While 96 per cent of small businesses utilise a tax professional to manage their tax affairs, the profession has hit back at suggestions that it is to be blamed in contributing to the sizeable tax gap, particularly with the black economy aspect.

“The lion share of this tax gap is coming from black economy activity and I dont think accountants can really share much of the blame for that,” Professor Deutsch said.

“If a business takes cash and fails to declare it, it will usually be done without the knowledge of the accountant, and unless it is a huge discrepancy from a previous year or from a normal benchmark, which might cause alarm bells to ring for accountants, you wouldnt detect it.”

Mr Drum shared a similar view, noting that accountants could demonstrate reasonable care in accordance with the Tax Agent Services Act, but could not go beyond their engagement remit.

“If your engagement letter says to prepare the tax return, and you dont have access to all their bank accounts and all their financial records, then you are only as good as the information youve got, but youve got to take reasonable care and make reasonable enquiries,” Mr Drum said.

“In the Accounting Professional and Ethical Standards Board [APES 220], it states that if you make reasonable enquiry and you are not satisfied with getting to the truth of the matter, then you should step away from the assignment, but it doesnt say keep asking endless questions.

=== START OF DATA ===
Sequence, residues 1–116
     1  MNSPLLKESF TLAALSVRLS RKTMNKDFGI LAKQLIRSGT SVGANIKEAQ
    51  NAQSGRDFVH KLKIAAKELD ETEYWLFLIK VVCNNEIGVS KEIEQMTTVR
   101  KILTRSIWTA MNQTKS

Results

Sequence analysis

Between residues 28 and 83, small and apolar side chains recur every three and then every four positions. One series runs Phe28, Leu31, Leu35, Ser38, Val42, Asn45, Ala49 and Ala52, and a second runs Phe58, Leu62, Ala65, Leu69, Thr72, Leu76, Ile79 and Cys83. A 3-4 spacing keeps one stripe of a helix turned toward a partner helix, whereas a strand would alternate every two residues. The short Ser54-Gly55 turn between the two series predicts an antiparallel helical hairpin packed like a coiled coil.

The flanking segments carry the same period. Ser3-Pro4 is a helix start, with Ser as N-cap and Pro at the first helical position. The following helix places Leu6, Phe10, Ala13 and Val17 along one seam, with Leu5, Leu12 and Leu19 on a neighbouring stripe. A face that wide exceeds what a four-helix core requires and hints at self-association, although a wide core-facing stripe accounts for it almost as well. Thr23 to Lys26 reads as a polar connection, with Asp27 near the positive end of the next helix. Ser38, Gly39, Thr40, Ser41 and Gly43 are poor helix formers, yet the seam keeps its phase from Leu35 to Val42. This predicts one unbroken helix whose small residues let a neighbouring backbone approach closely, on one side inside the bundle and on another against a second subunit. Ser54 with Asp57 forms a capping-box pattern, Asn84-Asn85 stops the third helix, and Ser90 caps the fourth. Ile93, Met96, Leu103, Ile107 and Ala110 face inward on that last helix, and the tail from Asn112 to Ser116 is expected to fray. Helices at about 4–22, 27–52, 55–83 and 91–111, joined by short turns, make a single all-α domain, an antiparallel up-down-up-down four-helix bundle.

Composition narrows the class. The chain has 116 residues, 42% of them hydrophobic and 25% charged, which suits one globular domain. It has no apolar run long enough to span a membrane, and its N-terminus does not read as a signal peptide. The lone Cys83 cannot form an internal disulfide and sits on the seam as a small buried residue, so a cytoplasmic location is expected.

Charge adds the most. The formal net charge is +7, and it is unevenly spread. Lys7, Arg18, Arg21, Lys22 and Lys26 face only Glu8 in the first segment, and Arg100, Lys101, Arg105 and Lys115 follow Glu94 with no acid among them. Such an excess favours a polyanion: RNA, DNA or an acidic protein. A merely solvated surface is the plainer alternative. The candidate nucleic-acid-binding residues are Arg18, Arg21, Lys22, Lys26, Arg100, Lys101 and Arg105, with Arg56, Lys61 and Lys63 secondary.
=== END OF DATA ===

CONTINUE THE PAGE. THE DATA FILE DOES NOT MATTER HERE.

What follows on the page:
“Obviously, if the client fronts up driving a new Maserati but they are only putting down $20,000 in income a year, thats going to raise a few eyebrows and require a few extra questions.”

Weed out the dodgy ones

While the majority of tax professionals and their clients are compliant, the ATO has made it clear that there is a minority of tax agents who knowingly participate in the black economy.

With the report now in hand, Professor Deutsch believes the profession can expect the ATO and the Tax Practitioners Board to come down harder on egregious practitioners.

“If we owe it to the accountants that are doing the right thing to make sure that those who are doing the wrong thing are excluded from practice, then I think that needs to happen sooner rather than later,” Professor Deutsch said.

“The ATO has identified a number of accountants they believe have been doing the wrong thing and they need to come down very hard and very fast on them.

“Historically, the TPB has been a little slow to act in a lot of these cases, and I think we will see a different approach now and that needs to happen.”

Jotham Lian

Jotham Lian


Jotham Lian is the editor of Accountants Daily, the leading source of breaking news, analysis and insight for Australian accounting professionals.

Before joining the team in 2017, Jotham wrote for a range of national mastheads including the Sydney Morning Herald, and Channel NewsAsia.

You can email Jotham at: This email address is being protected from spambots. You need JavaScript enabled to view it.